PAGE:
People often ask during their sauna build: “do I really need a floor drain?” Well, the best answer is always “yes.”
Why is a sauna floor drain a good idea for a proper sauna?
A proper sauna is one in which if:
- Someone wants to bathe in the sauna hot room, they can.
- Kids want to have a friendly water fight in the hot room, they can.
- The sauna owner wants to hose out or rinse out the hot room, they can.
Working up from the subfloor, we rip sleepers on our table saw, and glue and screw them down to our subfloor to create a pitch for the cement board. We create sleepers in a bicycle spoke arrangement like so:
We create a slight and gradual slope, so that when we glue and screw down durock, then skim coat it with vinyl cement, our floor is sealed and water will run to the drain.
A great way to ensure a solid floor is to run the sleepers in the bicycle spoke fashion, then, with a $10.00 bag of premium cement (no rocks) backfill the gaps between the sleepers with cement. Use the sleepers as a trowel guide to ensure a smooth finish. Run a wet sponge along the sleepers so that durock can lay flat.
The Trevor Trowel Method creates a really firm, well supported (and sloped!) base for our cement board.
Trevor also ran cement board up the wall, via his patented “sauce pan” method
I have built sauna floors every which way from Tuesday. I am a huge fan of vinyl cement repair. Check out this post on how to skim coat cement board for a “smooth clean finish.” As Trevor illustrates above, he has created a solid water tight floor that sheds water down to the drain. The floor is perfectly ready to accept a duck board overlay floor (gentle for bare feet and keeps feet dry) or even a “3rd step” for more vertically aligned hot rooms that get the sauna bather climbing up to an upper bench.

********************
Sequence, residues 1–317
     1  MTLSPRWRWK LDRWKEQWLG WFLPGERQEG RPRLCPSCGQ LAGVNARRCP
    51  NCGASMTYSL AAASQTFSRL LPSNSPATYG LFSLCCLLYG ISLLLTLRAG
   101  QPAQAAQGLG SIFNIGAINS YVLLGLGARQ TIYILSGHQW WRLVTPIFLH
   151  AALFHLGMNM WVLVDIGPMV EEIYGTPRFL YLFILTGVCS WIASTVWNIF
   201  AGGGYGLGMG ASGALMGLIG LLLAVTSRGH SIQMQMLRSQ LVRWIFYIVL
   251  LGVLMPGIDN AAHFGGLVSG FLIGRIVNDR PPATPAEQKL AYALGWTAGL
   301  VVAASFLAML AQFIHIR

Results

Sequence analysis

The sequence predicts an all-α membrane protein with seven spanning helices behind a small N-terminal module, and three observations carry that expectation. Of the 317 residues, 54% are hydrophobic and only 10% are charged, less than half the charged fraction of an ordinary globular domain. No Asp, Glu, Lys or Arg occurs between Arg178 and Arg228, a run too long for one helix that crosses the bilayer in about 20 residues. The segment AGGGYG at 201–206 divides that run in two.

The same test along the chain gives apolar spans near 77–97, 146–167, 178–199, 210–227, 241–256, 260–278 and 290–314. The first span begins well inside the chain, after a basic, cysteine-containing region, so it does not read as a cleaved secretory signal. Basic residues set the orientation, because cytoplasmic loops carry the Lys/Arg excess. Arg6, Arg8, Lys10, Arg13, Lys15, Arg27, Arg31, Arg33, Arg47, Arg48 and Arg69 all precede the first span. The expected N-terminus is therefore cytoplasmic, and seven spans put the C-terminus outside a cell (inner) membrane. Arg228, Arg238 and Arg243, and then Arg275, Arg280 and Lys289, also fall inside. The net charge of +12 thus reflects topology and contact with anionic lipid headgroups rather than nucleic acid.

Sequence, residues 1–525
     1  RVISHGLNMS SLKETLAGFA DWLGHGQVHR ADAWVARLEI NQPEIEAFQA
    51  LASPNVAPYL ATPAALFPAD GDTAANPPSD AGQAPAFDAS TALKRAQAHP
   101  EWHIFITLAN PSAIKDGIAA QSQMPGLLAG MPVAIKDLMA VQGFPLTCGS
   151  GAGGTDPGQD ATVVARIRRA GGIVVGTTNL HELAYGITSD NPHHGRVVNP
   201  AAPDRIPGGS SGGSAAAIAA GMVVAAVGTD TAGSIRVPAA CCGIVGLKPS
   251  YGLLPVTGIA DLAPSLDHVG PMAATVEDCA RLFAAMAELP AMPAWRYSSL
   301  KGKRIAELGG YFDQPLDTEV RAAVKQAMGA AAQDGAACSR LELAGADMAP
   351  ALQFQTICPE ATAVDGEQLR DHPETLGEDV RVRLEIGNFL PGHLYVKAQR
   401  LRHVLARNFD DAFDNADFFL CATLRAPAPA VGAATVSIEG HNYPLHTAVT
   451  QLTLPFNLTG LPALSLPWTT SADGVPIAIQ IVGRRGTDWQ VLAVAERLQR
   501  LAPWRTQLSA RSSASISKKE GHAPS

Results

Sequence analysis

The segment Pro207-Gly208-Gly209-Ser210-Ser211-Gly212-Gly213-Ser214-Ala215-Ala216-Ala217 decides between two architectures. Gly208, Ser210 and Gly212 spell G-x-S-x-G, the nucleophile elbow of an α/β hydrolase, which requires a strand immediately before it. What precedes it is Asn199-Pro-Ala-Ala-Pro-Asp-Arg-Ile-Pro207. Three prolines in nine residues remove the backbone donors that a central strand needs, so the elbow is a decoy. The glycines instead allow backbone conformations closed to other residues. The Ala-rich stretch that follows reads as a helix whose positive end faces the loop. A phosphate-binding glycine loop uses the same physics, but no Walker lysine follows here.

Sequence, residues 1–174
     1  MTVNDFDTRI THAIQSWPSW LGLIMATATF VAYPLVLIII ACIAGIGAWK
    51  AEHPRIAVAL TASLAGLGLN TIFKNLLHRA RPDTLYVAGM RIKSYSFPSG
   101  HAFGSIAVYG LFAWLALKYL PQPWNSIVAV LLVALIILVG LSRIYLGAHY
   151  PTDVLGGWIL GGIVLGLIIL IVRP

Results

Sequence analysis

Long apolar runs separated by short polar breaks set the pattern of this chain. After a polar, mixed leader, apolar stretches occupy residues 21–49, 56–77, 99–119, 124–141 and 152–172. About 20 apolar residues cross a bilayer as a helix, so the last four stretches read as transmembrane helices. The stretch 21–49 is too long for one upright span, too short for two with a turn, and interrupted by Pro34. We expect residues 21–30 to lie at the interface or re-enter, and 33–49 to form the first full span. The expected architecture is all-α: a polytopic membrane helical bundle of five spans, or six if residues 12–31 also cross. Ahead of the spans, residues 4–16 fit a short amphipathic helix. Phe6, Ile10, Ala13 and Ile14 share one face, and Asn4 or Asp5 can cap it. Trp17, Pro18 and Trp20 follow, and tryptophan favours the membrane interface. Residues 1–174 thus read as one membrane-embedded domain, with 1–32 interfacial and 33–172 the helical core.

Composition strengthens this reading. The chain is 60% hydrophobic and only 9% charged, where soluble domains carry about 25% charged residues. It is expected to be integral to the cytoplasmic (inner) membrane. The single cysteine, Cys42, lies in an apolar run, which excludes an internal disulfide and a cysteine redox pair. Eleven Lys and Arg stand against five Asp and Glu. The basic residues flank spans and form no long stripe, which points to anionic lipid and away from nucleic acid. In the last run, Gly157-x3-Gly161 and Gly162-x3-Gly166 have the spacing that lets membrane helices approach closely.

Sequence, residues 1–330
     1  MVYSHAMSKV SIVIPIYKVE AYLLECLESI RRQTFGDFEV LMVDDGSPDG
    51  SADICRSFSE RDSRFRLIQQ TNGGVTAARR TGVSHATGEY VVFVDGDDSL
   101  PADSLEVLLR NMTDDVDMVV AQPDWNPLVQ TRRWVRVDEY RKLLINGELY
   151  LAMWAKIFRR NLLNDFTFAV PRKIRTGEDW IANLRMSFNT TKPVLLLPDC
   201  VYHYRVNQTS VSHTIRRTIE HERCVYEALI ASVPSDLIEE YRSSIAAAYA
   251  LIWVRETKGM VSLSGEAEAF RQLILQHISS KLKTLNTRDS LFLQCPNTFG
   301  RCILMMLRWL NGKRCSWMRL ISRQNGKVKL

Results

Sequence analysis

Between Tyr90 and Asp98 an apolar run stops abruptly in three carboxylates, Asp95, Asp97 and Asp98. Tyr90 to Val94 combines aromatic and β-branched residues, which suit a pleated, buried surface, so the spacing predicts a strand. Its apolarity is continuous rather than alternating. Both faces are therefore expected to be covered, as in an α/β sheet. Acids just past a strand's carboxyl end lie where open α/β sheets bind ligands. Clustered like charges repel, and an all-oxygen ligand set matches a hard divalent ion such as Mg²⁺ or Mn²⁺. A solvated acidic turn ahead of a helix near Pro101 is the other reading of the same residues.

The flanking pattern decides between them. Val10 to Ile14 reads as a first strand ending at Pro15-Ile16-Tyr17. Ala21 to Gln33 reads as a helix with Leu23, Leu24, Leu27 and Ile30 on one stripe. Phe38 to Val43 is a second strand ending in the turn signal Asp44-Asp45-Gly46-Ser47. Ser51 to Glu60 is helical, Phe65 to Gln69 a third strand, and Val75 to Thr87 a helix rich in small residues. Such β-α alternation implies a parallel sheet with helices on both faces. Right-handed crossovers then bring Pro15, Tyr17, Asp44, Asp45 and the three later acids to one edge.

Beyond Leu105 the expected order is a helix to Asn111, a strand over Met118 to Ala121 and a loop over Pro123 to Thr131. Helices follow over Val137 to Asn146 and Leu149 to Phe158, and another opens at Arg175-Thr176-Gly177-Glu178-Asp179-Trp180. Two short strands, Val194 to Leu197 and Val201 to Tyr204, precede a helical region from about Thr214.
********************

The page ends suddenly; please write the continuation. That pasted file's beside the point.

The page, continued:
Slope Your Hot Room Floor with the “Ben Square” Sleeper Method, and Enjoy a Water Fight in Your Sauna Hot Room
Every once in a while, through sauna building user engagement, I am “wowed” with an enhancement to the sauna building methods detailed in my ebook.
User engagement with other sauna builders has allowed me to cross pollinate different ideas and methods. No ego, but with intent to help the next guy down the road. And just as with the Zen and Art of Motorcycle Maintenance, we have the author drawing parallels to understanding the mechanics of his motorcycle as empirical learning towards other aspects of life. I have enjoyed discussing different approaches to the nuances of sauna building with others as crazy as I am.
Because my eBook is in digital format (vs. printed), every once in a while we pick up on a better way to do an aspect of the sauna build. And thanks to the non patent process of copy & paste, I am able to share the enhancement with the next sauna builder coming down the pike.
With my ten or so sauna builds, I have always run 2x stock through my table saw to create sleepers on an angle through my table saw, sloping down to the drain, like so:
“Like any other engineer, I can’t help tinkering with a good design. Here is a picture of my floor slope method. I will put reinforcements at the Durock edges as well. Pieces are ripped in 1/8″ increments. Reinforcements for the edges of the Durock will also be added.”